Learning that is transdisciplinary

As a candidate school for the International Baccalaureate Primary Years Programme (IB PYP), learning in our junior campuses is organised around six transdisciplinary themes. 'The transdisciplinary themes capture human commonalities that are significant and relevant across cultures, geographic regions and student learning stages' (IB 2018). They also incorporate a balance of subject-specific knowledge, conceptual understandings, and skills, alongside opportunities to develop the IB learner profile's attributes and take action.Each year level engages with the themes throughout the year, with the Early Years and Prep/Foundation learners focusing on four of the themes and Year 1 – Year 6 learners focusing on all six at different times in the year.

One of the transdisciplinary themes, Who we are, incorporates thinking and inquiry connected to the following concepts:

  • the nature of the self;
  • beliefs and values;
  • personal, physical, mental, social and spiritual health;
  • human relationships, including families, friends, communities and cultures;
  • rights and responsibilities;
  • what it means to be human.

The different aspects of the Who we are transdisciplinary theme are addressed at different year levels in ways that are relevant and significant to the age of the learners. For example, our youngest learners in the Early Years explore and learn about themselves and others and how they can contribute to our learning community, finding out about others' emotions, choices, and relationships. The Prep/Foundation learners build on these concepts by inquiring into personal identity, strategies for building relationships and understanding how our actions can impact others.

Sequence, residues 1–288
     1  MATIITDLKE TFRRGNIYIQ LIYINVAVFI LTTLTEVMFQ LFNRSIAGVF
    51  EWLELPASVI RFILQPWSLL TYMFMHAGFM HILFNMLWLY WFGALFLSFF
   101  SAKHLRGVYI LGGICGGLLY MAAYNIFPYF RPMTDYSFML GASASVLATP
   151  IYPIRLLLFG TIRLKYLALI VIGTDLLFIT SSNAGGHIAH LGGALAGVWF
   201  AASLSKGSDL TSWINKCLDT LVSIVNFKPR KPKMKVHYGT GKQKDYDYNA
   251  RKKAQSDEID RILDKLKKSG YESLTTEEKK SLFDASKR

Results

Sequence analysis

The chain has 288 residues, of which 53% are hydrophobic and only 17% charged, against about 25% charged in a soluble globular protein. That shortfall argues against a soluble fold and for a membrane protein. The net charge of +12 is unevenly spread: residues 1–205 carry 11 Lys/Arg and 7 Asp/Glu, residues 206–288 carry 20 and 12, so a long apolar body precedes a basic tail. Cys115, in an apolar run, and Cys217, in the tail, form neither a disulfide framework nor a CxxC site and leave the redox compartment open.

The Year 3 & 4s are doing their Who we are unit at the moment, focusing on understanding wellbeing and how we can contribute to and promote it in our own and others' lives. The unit incorporates subject knowledge from Health, Physical Education, Civics and Citizenship, Maths and English while also developing social skills such as respecting and supporting others and self-management skills such as mindfulness and resilience.

The students at Minimbah spent some time this week participating in activities to support wellbeing & then using the PERMA model to reflect on how the activities support wellbeing and which element of PERMA the activities are connected to. Some of the student reflections included:

"I was so engaged because I didn't want to finish. Also, relationships because it was fun to talk and make things with our friends".

"Engagement because we didn't want to stop."

"Achievement, because I made it to the end of Teddy Bear, for the first time".

"Positive emotions, because I felt so happy and we were laughing."

The students at Penbank have also been exploring activities that support wellbeing and ways to promote these activities in the school community. They have been reflecting on their strengths as a strategy to support wellbeing and created self-portraits using words that describe their strengths to show this.

An overview of our whole programme of inquiry, which includes the key concepts that each level focuses on in each transdisciplinary theme, is in this document.